By Susan Duclos
The Hill reports that Senate Democrats up for reelection are running from Obama's very public endorsement of gay marriage. Not that they necessarily disagree but they are fighting for their political careers and up for reelection in 2012, and happen to live in states that have constitutional amendments or laws banning same-sex marriage.
Sens. Jon Tester (Mont.),Claire McCaskill (Mo.), Joe Manchin (W.Va.), Bob Casey (Pa.) and Bill Nelson (Fla.) are all distancing themselves from Obama's recent reversal on his stance on same-sex marriages.
• “Jon believes in civil unions for committed same-sex couples but in
Montana a marriage is defined as between a man and a woman,” said Andrea
Helling, Tester’s spokeswoman.
• Sen. Claire McCaskill (D-Mo.), who has been one of Obama’s closest allies in the Senate, has also kept her distance.
spokesman declined to endorse the president’s position. In an email to
the Springfield News-Leader, John LaBombard said, “Claire recognizes
this is a very personal issue for many Missourians” and said she thinks
states should “take the lead in determining marriage equality.”
state of Missouri’s position on this issue has been clearly established
since 2004 and nothing about today’s announcement changes that,” he
• Nelson said the federal government should not interfere with state laws.
have a record fighting against discrimination and standing up for
people’s civil rights based on their sexual orientation. I believe
marriage should be left to the states, and Florida voted on same-sex
marriage in 2008,” he said in a statement to The Hill.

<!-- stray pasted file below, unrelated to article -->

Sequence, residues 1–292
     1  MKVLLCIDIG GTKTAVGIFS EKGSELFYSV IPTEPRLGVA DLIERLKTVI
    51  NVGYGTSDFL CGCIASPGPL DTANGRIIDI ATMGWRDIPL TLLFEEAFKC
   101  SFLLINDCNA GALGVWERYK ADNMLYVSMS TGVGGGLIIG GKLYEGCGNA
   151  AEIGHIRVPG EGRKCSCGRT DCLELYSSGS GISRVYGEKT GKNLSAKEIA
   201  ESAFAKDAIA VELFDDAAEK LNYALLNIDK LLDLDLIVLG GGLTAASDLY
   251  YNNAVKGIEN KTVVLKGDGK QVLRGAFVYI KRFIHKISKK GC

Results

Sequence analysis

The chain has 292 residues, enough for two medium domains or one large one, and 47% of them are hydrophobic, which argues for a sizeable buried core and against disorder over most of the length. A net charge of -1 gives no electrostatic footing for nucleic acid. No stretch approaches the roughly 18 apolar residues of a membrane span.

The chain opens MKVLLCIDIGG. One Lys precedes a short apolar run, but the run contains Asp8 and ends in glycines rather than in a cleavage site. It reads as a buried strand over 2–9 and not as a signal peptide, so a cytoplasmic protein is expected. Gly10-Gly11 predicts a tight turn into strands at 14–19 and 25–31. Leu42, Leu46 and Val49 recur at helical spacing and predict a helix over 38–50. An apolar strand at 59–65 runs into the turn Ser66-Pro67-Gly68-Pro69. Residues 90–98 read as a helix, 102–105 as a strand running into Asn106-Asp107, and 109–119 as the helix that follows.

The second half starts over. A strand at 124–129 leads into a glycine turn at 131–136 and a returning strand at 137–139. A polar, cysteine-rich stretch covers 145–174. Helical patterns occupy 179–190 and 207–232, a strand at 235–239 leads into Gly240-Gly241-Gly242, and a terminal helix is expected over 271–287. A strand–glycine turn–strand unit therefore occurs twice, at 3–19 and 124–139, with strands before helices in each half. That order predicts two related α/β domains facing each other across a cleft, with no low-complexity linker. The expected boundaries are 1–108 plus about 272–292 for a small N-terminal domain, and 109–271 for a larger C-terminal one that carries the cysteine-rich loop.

Manchin and Casey, who represent states with laws banning gay marriage, have also split with Obama.
• “His position hasn’t changed; he believes marriage is between one man and one woman,” said Manchin spokeswoman Marni Goldberg.
• April Mellody, a spokeswoman for Casey, said her boss “supports civil
unions, strongly opposes discrimination and has condemned
discriminatory measures such as a federal constitutional amendment.”
said Casey does not agree with the president’s endorsement of same-sex
marriage but has taken steps to combat discrimination based on sexual
Barack Obama, suffering from donors refusing to donate to his campaign, strategically manipulated those donors with the timing of his reversal of positions on the same-sex marriage issue without consideration of how Senate Democrats would be affected if they stood beside him, forcing them to come out publicly to distance themselves from him.
MediaIte reports that , Ann Coulter, describes Obama's thought process on this was just to “screw
them [Senate Democrats] six ways to Sunday” and keep the focus on his own reelection.